Creating new modules (was Re: Git vs SVN (was: Can we improve things?))


On 9/10/07, Federico Mena Quintero <federico ximian com> wrote:
> Because it is no longer possible to create new SVN modules easily, as it
> was when we used CVS.  By "easily" I mean that it you want to create a
> module, you don't need to ask anyone to do it for you.

When this first came up on d-d-l I was sort of "not sure this is a big
deal" but then recently I was thinking about it again and decided it
did matter.

Back in the day the cvs-commits-list was part of the community. One of
the things that frequently happened is that people followed up to
commit messages to discuss, or noticed a commit and discussed it on

The really important community effect is that you could kind of just
watch everyone working, and if it happened to relate to you or
happened to look interesting, you could pile on. Since commit access
was not per-module but for the whole GNOME project, you probably
already had commit access.

Another social effect is that you knew who was doing work, and if you
did a lot of work you got credit for it without having to
self-promote, since people saw your commits flying by.

Anyway, the centralization and common CVS repo was really a big part
of how the community worked. It let people get credit, it let people
informally notice where they could help each other, it let everyone
have a baseline knowledge of what was being worked on.

Importantly, this happened *even for brand new or experimental
projects*. Those were worth having in the central repo because of the
social and community value of knowing what people were up to and being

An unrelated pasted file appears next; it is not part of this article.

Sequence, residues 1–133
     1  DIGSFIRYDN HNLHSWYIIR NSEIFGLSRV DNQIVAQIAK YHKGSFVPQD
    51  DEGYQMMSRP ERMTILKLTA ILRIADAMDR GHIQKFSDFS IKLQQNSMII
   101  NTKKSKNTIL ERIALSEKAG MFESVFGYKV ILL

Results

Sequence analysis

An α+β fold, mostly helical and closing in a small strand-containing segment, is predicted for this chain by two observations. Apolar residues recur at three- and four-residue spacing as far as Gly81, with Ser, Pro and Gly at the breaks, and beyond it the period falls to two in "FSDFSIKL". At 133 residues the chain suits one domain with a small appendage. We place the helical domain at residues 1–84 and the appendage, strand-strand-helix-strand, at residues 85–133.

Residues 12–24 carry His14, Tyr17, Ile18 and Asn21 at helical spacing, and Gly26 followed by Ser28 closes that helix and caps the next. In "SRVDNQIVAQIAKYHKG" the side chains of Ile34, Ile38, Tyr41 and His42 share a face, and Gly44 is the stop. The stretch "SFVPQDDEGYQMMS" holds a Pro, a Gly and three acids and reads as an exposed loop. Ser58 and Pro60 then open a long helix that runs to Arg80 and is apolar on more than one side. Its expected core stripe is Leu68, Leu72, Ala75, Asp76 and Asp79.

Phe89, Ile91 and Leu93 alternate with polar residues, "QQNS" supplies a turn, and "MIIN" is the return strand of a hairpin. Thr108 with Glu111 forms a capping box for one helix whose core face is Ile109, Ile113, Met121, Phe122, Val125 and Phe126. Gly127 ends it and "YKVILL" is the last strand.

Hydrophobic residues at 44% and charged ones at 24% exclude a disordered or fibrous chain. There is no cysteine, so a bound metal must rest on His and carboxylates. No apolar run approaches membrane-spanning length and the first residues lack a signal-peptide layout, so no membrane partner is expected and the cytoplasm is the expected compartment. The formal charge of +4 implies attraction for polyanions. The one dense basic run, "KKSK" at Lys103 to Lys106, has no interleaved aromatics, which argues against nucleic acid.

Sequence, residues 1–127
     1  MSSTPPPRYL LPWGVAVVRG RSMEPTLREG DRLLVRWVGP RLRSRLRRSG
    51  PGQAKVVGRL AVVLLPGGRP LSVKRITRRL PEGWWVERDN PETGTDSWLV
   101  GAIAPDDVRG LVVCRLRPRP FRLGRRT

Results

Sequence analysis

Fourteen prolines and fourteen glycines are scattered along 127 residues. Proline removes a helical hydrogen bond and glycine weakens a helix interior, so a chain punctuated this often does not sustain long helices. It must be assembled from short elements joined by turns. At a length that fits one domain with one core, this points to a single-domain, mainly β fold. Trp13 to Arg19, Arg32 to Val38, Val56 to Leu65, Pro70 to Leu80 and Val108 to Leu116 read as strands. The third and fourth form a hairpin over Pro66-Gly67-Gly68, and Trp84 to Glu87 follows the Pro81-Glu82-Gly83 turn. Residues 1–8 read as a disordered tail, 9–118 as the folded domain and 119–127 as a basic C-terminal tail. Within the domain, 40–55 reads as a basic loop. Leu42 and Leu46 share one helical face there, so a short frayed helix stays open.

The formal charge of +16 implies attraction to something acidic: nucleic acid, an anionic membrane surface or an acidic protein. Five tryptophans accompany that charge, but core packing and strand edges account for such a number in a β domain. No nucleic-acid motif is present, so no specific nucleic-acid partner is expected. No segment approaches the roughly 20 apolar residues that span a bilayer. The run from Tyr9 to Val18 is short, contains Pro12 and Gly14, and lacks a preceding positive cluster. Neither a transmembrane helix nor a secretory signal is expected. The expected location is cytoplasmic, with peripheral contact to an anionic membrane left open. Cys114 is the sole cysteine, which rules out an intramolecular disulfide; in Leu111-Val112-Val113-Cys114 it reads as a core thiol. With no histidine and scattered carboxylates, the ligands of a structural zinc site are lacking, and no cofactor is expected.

able to help them or assign them your respect or whatever accordingly.

Bringing it back to the present, there's stuff on that
really belongs on, but it seems it didn't end up there. I
don't think this was a conscious thing, but I think it probably was
due to just enough of a barrier to create a new gnome module. And then
once you start a module in one place, it's a Major Project to move it
(probably not truly a major project, but enough to result in

Anyway. I'm not sure the old cvs-commits-list type approach really
scales to GNOME's current size, but I think something *was* lost.

To give a productive suggestion, I wonder if a nice "code commits
planet" would be a win for GNOME, perhaps somehow mixed in to or in a
sidebar of the current planet. It could track all the repos related to
GNOME and try to display in readable summary form 1) which modules had
commits today and 2) who did the commits. To show who's doing stuff
and what stuff they are doing, at least in terms of which module they
are working on.


[Date Prev][Date Next]   [Thread Prev][Thread Next]   [Thread Index] [Date Index] [Author Index]